This RFI seeks input from stakeholders throughout the scientific research and medical education community and the general public regarding the CoEPEs program, general pain, opioid misuse and opioid use disorder education curriculum. Stakeholders of interest include but are not limited to: health care professionals providing pain treatment, students in medical, dental, pharmacy, physical therapy and nursing schools, residents, fellows, teaching faculty, medical associations, physical therapy and occupational therapy associations and education accrediting agencies.
The NIH seeks information in response to any or all of the following topics of interest:
The nature of your institution’s current curriculum on pain conditions, pain treatment, opioid misuse/use disorder, and overdose. Include details on topics covered in these categories, how this training content is delivered, the intended audience, general goals, and the particular Learning Management System (LMS; e.g., Moodle), if any, that your institution uses to manage any related training content.
Information on the highest priority needs for training resources and infrastructure needs related to pain conditions, pain treatment, opioid misuse/use disorder, and overdose. Topics of training resources needs include but are not limited to: multidisciplinary approach to pain assessment/management and/or empathy and cultural competency content related to pain conditions, pain treatment, and opioid misuses/use disorder.
Input on the current CoEPEs education content, including whether these modules are being using at your institution, whether they fit with curricular needs at your institution, recommended content for future development, suggestions on the format (e.g., explicit didactic goals, video duration, etc), and any other comments that may enhance accessibility and utilization of these CoEPEs modules.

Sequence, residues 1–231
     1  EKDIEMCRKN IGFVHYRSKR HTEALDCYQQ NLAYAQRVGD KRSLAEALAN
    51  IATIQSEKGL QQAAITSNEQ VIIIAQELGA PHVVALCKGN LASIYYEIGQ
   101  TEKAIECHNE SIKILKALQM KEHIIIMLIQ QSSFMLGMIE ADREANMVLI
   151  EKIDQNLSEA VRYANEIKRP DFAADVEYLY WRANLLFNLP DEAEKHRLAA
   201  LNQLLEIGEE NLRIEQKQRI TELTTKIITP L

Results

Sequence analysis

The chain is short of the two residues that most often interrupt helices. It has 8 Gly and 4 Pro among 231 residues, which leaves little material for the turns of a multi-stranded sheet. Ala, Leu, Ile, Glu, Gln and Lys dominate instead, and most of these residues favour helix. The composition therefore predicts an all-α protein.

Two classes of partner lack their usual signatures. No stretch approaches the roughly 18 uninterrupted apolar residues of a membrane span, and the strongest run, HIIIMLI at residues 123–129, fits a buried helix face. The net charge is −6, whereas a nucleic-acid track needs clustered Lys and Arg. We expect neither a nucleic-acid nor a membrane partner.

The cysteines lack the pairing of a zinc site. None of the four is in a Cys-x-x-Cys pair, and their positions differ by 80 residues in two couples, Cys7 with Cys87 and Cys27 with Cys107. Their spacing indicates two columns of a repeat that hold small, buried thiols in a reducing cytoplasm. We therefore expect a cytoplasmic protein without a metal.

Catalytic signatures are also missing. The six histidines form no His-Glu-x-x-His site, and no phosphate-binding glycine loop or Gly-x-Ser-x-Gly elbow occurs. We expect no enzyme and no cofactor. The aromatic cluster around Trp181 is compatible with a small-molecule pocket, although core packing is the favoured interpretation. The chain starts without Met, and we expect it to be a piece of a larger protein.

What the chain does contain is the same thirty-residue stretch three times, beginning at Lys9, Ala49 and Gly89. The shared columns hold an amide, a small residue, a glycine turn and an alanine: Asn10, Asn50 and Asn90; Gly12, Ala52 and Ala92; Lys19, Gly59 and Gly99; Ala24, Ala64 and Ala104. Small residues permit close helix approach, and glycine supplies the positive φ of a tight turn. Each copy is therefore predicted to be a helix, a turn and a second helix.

Comments on the importance of endorsement by educational program accreditation bodies and professional licensure to incorporate training in pain and OUD or CoEPEs utilization to your institution’s education curricula.
How to Submit a Response:
Responses to this RFI will be accepted through September 1, 2019.
Responses to this RFI must be submitted electronically via email to: firstname.lastname@example.org
Responses to this RFI are voluntary. Do not include any proprietary, classified, confidential, trade secret, or sensitive information in your response. The responses will be reviewed by NIH staff, and individual feedback will not be provided to any responder. The Government will use the information submitted in response to this RFI at its discretion. The Government reserves the right to use any submitted information on public NIH websites, in reports, in summaries of the state of the science, in any possible resultant solicitation(s), grant(s), or cooperative agreement(s), or in the development of future funding opportunity announcements.
This RFI is for information and planning purposes only and shall not be construed as a solicitation, grant, or cooperative agreement, or as an obligation on the part of the Federal Government, the NIH, or individual NIH Institutes and Centers to provide support for any ideas identified in response to it. The Government will not pay for the preparation of any information submitted or for the Government’s use of such information. No basis for claims against the U.S. Government shall arise because of a response to this request for information or from the Government’s use of such information. NIH looks forward to your input and we hope that you will share this RFI document with your colleagues.
Please direct all inquiries to:
Shelley Su, PhD
National Institute on Drug Abuse
LINK TO ORIGINAL ARTICLE: